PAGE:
Impact Factor 0.711 5 Year Impact Factor 0.735
Volume 32, 12 Issues, 2022
  Clinical Practice Article     June 2022  

Sternal Fractures in Blunt Chest Trauma: Retrospective Analysis of 330 Cases

By Hasan Kara1, Aysegul Bayir1, Selim Degirmenci2, Huseyin Yildiran3, Mehmet Ertugrul Kafali4, Ahmet Ak1

Affiliations

  1. Department of Emergency Medicine, Faculty of Medicine, Selcuk University, Konya, Turkey
  2. Department of Emergency Medicine, Bilecik Training and Research Hospital, Bilecik, Turkey
  3. Department of Thoracic Surgery, Faculty of Medicine, Selcuk University, Konya, Turkey
  4. Department of General Surgery, Faculty of Medicine, Selcuk University, Konya, Turkey
doi: 10.29271/jcpsp.2022.06.799

ABSTRACT
Objective: To analyse the range of injuries associated with sternal fracture (SF) and their clinical features and outcomes.
Study Design: Observational study.
Place and Duration of Study: Department of Emergency Medicine, Faculty of Medicine, Selcuk University, Konya, Turkey, from July 2010 to July 2020.
Methodology: Sternal fractures were considered in 330 patients with blunt trauma during the study period. They were categorised according to the Johnson and Branfoot classification and the Arbeitsgemeinschaft fur Osteosynthesefragen / Orthopaedic Trauma Association classification. Demographic data were collected, including age, gender, mechanism of injury, associated injuries, and the length of hospital stay.
Results: During the 10-year study period, a total of 4024 thoracic trauma patients were admitted to the emergency department. Of these, 330 (8.2%) had a sternal fracture. The median age of the patients was 41 (8-90) years, and 72.7% were male. Isolated sternal fractures occurred in 93 patients (28.2%). An additional thoracic injury was observed in 74 patients (22.4%) included in the study, and an accompanying extrathoracic injury was observed in 34 patients (10.3%). In 129 patients (39.1%), both thoracic and extrathoracic pathologies were detected, in addition to SF. The mortality rate among patients with isolated sternal fracture was 1.1%; the mortality rate among patients with sternal fracture accompanied by additional pathologies was 6.6%.
Conclusion: Sternal fractures are frequently associated with other injuries. Although isolated sternal fracture has a good prognosis, careful evaluation and clinical observation are essential for additional injuries.

Key Words: Emergency medicine, Sternal fracture, Chest trauma.

INTRODUCTION

Sternal fracture (SF) accounts for approximately 3% to 8% of all thoracic trauma admissions.1 SFs are encountered with increasing frequency in motor vehicle accidents, particularly since the introduction of seat belt legislation.2 The mechanisms leading to SFs include both direct and indirect chest trauma. Direct trauma is typically caused by deceleration injuries and blunt anterior chest trauma; the majority of other cases are caused by direct impact from the steering wheel, falls, contact sports, pedestrian-vs.-car accidents. Indirect causes include deceleration injuries from motor vehicle accidents, stress fractures, and osteoporotic fractures.3

SFs are commonly associated with other injuries to the heart and lungs; if a person is injured with force enough to fracture the sternum, myocardial and pulmonary contusions are likely. Other associated injuries include damage to blood vessels in the chest, myocardial rupture, head and abdominal injuries, flail chest, and vertebral fractures.1 The disposition of patients diagnosed with SF depends on several variables, including potentially significant associated injuries, comorbidities, and inadequate pain control.4,5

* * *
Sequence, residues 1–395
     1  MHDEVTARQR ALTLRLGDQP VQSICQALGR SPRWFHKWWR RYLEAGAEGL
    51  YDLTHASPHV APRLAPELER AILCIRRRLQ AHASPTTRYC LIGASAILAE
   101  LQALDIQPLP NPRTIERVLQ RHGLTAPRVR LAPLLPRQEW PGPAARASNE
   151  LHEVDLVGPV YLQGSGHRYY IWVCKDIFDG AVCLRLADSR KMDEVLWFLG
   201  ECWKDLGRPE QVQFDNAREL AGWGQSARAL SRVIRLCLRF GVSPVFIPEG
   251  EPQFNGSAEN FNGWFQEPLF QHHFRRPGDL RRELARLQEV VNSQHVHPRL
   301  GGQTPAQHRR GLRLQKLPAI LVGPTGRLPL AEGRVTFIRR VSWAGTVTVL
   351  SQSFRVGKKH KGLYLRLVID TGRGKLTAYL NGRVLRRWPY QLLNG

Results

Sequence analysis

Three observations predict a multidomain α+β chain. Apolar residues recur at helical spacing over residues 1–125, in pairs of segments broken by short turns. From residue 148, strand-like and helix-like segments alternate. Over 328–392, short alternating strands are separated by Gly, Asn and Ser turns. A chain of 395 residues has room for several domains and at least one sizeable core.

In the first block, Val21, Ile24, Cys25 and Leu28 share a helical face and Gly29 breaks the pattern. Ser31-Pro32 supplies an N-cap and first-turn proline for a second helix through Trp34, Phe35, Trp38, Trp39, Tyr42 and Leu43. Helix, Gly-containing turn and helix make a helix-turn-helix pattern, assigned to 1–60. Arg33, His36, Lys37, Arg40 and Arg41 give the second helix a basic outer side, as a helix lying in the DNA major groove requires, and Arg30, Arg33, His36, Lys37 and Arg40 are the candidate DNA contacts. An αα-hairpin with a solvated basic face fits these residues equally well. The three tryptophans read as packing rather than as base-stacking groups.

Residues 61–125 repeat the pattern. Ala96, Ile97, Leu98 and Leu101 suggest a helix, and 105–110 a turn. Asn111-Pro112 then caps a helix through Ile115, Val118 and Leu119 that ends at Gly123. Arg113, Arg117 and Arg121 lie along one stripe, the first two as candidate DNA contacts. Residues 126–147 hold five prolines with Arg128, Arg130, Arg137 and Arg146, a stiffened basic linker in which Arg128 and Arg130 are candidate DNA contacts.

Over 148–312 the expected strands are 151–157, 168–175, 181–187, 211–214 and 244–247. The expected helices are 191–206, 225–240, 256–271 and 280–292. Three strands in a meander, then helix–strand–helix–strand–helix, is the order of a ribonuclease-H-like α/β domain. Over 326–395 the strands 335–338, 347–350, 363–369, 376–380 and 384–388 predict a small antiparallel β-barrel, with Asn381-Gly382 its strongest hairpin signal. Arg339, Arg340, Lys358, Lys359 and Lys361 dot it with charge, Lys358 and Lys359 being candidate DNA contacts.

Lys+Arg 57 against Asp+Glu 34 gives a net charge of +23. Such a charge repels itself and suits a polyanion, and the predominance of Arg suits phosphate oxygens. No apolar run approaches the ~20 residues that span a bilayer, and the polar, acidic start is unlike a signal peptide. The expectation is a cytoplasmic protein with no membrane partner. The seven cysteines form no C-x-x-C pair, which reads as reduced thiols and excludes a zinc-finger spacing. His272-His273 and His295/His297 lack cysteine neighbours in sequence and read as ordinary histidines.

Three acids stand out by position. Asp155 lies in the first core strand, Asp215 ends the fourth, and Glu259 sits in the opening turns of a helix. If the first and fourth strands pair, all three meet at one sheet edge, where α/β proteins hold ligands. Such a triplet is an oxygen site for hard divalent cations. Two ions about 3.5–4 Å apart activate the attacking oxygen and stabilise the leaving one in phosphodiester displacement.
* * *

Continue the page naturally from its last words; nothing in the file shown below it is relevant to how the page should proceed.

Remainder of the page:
The purpose of this study was to determine the frequency, mechanism of injury, significance, and associated morbidity and mortality among patients diagnosed with SFs.

METHODOLOGY

This study comprised a retrospective review of patients admitted to the Emergency Medicine Department (ED) between July 2010 and July 2020 due to trauma. Radiological investigations included X-ray and chest computed tomography (CT) in all cases. Data were obtained from hospital records; these included gender, age, mechanism of trauma, localisation of SF, associated injuries, electrocardiographic (ECG) and echocardiographic (ECHO) findings, creatine kinase myocardial band (CK-MB) and troponin levels, hospital and intensive care unit length of hospital stay (LOS), and in-hospital mortality. Patients whose SFs developed due to cardiopulmonary resuscitation were not included in the study.

Isolated SF (ISF) was defined as any SF without accompanying thoracic or extrathoracic injuries. There are many systems for classifying SFs according to localisation and degree of displacement,6 including the Johnson and Branfoot classification and the Arbeitsgemeinschaft für Osteosynthesefragen/Orthopaedic Trauma Association (AO/OTA) classification.7,8 The Johnson and Branfoot classification system divides SFs into four grades as: Grade I = unicortical; Grade II = bicortical (nondisplaced); Grade III = minimally displaced; and Grade IV = displaced fracture. The AO/OTA classification categorises SFs into three anatomical segments and divides each segment according to the shape of the fracture, defining transverse, oblique, and multifragmentary fractures for the manubrium, corpus, and xiphoid. Both the systems were used for classification.

Data analysis was performed using SPSS (Windows, Version 22.0, SPSS Inc., Chicago, IL). The data distributions were examined for normality using the Kolmogorov–Smirnov test; for non-normally distributed variables, the descriptive statistics are expressed as median (minimum–maximum). Continuous variables were evaluated with the Kruskal–Wallis test for more than two groups, and the Mann–Whitney U-test for two groups. Frequency and percentage measurements were made using frequencies, descriptives and crosstabs features of SPSS. Categorical variables were evaluated using the χ² test (Chi-square test). The threshold for statistical significance was set as p ≤.05.

RESULTS

A total of 4024 patients were admitted to our clinic with chest trauma during the study period. Of these, 330 patients (8.2%) were diagnosed with SF, including 93 (28.2%) diagnosed with ISF and 237 (71.8%) diagnosed with SF with associated injury. Among this cohort, 240 (72.7%) patients were male. The median age of the patients diagnosed with SF was 41 (range: 8–90) years (Table I). The most common mechanism of injury was motor vehicle collision, accounting for 74.2% (n = 245) of cases (Table I).